Following are excerpts from Secretary of State Cyrus R. Vance's opening statement at yesterday's hearing before the Senate Foreign Relations Committee on the proposed SALT II agreement:

We proceed today with the second step in a fateful joint responsibility.

The president has completed a negotiation in the process launched by President Nixon with the first strategic arms limitation treaty with the first strategic arms limitation treaty - SALT I - and continued by President Ford at Vladivostok. The Senate is now called to perform its equally important function of advice and consent on the second strategic arms limitation treat - SALT II.

President Carter has taken a further step along the path marked out by his predecessors. I am sure that the Senate will perform its high duties in a totally nonpartisan manner. For the course our country takes, through this ratification process, will have a profound effect on our nation's security, now and for years to come. . .

First and foremost, we must preserve a stable military balance with the Soviet Union. That is the surest guarantee of peace.

Second, we must have the best possible knowledge of the military capabilities and programs of the Soviet Union. We must know the potential threats we face so that we can deal with them effectively. And we cannot rely upon trust to verify that strategic arms control obligations are being fulfilled. We must be able to determine that for ourselves, through our own monitoring capabilities.

Third, we must sustain the process of placing increasingly more effective restraints on the growth of nuclear arsenals.

Fourth and finally, we must take those actions that will strengthen our alliances and enhance our leadership in the world. . .

[The] SALT II treaty will greatly assist us in maintaining a stable balance of nuclear forces. It fully protects a strong American defense.

Our national defense requires nuclear arms that are sufficiently numerous, powerful, and flexible to deter the full range of potential threats. As an essential part of this, our strategic forces must be - and must be seen as - equivalent to those of the Soviet Union.

The SALT II treaty helps us maintain this balance in two fundamental ways:

It will permit, and in fact aid, the necessary modernization of our strategic forces.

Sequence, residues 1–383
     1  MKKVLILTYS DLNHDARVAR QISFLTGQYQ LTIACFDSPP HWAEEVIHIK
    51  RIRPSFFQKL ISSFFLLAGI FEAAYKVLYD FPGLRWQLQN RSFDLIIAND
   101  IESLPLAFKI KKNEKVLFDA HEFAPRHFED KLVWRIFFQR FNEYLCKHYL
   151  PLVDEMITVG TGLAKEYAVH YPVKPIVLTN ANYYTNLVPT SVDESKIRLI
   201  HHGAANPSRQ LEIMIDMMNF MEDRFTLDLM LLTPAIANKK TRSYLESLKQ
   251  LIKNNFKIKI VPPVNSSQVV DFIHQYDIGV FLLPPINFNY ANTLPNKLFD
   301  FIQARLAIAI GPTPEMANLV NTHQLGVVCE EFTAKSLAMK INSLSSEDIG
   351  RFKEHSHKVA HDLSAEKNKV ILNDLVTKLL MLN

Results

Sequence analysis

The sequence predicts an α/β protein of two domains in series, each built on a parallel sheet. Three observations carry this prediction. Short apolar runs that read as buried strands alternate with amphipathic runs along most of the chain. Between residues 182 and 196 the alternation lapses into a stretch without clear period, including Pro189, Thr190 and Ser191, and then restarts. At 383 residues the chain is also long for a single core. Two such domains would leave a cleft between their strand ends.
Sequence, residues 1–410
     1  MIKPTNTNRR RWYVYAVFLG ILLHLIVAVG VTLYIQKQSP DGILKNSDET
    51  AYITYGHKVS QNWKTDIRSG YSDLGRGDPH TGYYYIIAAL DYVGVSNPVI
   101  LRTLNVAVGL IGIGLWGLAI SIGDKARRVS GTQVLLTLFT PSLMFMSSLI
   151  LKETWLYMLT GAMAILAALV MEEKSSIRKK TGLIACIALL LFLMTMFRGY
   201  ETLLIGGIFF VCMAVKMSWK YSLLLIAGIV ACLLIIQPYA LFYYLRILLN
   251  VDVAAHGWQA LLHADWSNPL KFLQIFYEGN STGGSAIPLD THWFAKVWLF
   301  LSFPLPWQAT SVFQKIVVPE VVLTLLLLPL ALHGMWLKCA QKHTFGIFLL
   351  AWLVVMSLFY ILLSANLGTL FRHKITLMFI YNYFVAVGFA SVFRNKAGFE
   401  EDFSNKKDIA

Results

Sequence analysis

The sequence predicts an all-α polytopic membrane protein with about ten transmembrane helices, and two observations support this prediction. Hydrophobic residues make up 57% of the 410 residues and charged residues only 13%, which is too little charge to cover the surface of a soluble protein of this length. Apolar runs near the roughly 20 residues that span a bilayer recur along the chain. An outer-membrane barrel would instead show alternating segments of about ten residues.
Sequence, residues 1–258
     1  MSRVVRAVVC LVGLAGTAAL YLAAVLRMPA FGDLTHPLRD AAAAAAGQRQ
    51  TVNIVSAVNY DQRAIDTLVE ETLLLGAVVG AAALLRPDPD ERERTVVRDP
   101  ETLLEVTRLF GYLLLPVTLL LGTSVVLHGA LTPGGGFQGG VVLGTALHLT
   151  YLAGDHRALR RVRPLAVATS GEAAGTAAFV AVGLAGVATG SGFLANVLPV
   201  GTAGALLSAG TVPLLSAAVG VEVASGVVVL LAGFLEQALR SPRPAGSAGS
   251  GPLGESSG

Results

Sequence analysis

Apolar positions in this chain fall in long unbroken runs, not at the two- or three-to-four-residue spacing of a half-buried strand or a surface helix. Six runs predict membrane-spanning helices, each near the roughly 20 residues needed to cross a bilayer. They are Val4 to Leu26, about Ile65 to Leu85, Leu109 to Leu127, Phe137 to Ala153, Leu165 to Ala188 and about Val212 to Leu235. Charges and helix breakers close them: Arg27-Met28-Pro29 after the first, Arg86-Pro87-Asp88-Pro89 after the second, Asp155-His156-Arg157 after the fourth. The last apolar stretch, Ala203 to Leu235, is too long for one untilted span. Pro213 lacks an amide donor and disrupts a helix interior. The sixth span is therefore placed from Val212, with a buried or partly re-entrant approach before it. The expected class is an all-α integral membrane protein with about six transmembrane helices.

And it will slow the momentum of Soviet strategic programs, thus reducing the threats we would otherwise face. . .

A second way that SALT II serves our national security is by improving our ability to monitor and evaluate Soviet strategic forces and programs.

Verification has been a central concern in every aspect of these negotiations. At every stage we put the treaty to this test: Can we have confidence in its verficiation - that is, can we determine for ourselves that the Soviets are complying?

Let me cite some of these significant new steps:

For the first time, there is explicit agreement not to encrypt telemetric information - that is to disguise the electronic signals which are sent from missile tests - when doing so would impede veriication of compliance with the provisions of the treaty. We would quickly know if the Soviets were encrypting relevant information. This would be a violation of the treaty.

We have agreed that we will regularly exchange information on the size and composition of our strategic forces. This is by no means a substitute for our ability to count for ourselves. But the exchanged data will help us confirm that both parties are interpreting their obligations in a like manner.

We have agreed to rules which simplify the job of counting weapon systems limited under the treaty. For example, every missile launcher of the type that has ever been tested with more than one independently aimed warhead will automatically count against the multiple warhead ceiling - even though some may, in fact have only a single warhead. . .

In the days ahead, Secretary [of Defense Harold] Brown and others will provide, in closed session, the detailed classified information that is required for senators to make an informed judgment on verification. I know this issue will be central to your consideration. It has been central to ours. Let me state very clearly that I am convinced we will be able adequately to verify this treaty - that we will be able to detect any Soviet violations before they could affect the strategic balance. . .

Our allies and friends have made clear to us, publicly as well as privately, that they have a vital interest in the ratification of this treaty.

Defeat of the treaty would be a profound blow to our closest friends. Its approval will benefit our most valued alliances. It will signal continued American leadership for peace.

[We] cannot relistically expert to shift the bargain more in our favor now through a process of amendment and reservation.

Even if it were possible to reopen the negotiations, certainly they would be reopened to both sides. This could lead to thereopening of points that are now resolved in a manner favorable to our interests.

As we move ahead, I urge you not to make premature judgments. Let us first carefully consider the treaty as it now stands. Let us see if your questions do not, in fact, have satisfactory answers. And let us all avoid emotional rhetoric - which can only obscure the real issues.

This treaty is complex. It bears on a difficult and complex relationship. Before reaching a final decision, we - the Senate and the Administration together - have an opportunity for a discussion and a debate that will illuminate our common national goals as well as clarify the terms of the treaty itself.

Finally, as we proceed with a debate which will often be technical, let me express the hope that the nature of our subject will be kept cclearly in sight - the terrible power of nuclear weapons.

Together, the arsenals of the United States and the Soviet Union already hold more than 14,000 strategic nuclear warheads and bombs.The smallest of these are several times as powerful as the bomb that destroyed Hiroshima.

If a fraction of those weapons were ever fired, tens of millions of our people and tens of millions of the Soviet people would perish. Nuclear war would be a catastrophe beyond our imagination - for the aggressor as much as the victim.